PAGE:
The administration provided no timetable to fix extensive computer snags but said technicians are deep into the job. Its explanation, posted online in an HHS blog and accompanying graphic, identified six broad areas of problems and outlined fixes underway but in most cases incomplete.
The HHS explanation identified some bugs that have gotten little outside attention. Technical problems have surfaced that are making the application and plan-shopping functions difficult to complete. That's a concern because those stages are farther along in the signup process than the initial registration, where many consumers have been getting tripped up. The problems are being analyzed and fixes are planned.
Meanwhile, House Democrats are starting to worry aloud about persistent problems with the rollout.
Rep. Richard Nolan, D-Minn., told The Associated Press the computer fiasco has "damaged the brand" of the health care law.
"The president needs to man up, find out who was responsible, and fire them," Nolan said. He did not name anyone.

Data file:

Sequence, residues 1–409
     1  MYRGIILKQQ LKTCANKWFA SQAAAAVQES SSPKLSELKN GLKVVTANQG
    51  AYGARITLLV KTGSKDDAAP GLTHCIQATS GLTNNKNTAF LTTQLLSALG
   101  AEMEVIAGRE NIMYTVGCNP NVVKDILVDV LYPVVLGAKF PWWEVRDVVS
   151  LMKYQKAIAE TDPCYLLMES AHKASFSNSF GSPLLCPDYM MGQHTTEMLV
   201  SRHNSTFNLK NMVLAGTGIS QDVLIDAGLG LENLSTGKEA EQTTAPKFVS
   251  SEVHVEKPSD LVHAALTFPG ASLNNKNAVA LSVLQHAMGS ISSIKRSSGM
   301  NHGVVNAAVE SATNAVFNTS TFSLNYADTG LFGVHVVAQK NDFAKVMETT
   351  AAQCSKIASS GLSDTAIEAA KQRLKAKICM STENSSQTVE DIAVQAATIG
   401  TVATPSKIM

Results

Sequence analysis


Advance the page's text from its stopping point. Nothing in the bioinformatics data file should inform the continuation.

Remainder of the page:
Former White House chief of staff Bill Daley, interviewed Thursday on "CBS This Morning," said that Obama "can't just get stuck on this for the next several weeks." As for calls that Sebelius be fired, Daley said that would be like firing the captain of the Titanic "after the ship hit the iceberg."
Obama says he's as frustrated as anyone and has promised a "tech surge" to fix the balky website. White House spokesman Jay Carney said the administration will be more transparent about the problems. After more than 20 days without briefing the media, HHS will start regular sessions on Thursday, he said.
In light of the computer problems, some Democrats are saying Obama should consider extending open enrollment season beyond March 31 and revisit the penalties for individuals who don't sign up and remain uninsured. Under the law, virtually all Americans must carry health insurance starting next year or face fines.
Associated Press writers Josh Lederman and Laurie Kellman contributed to this report.
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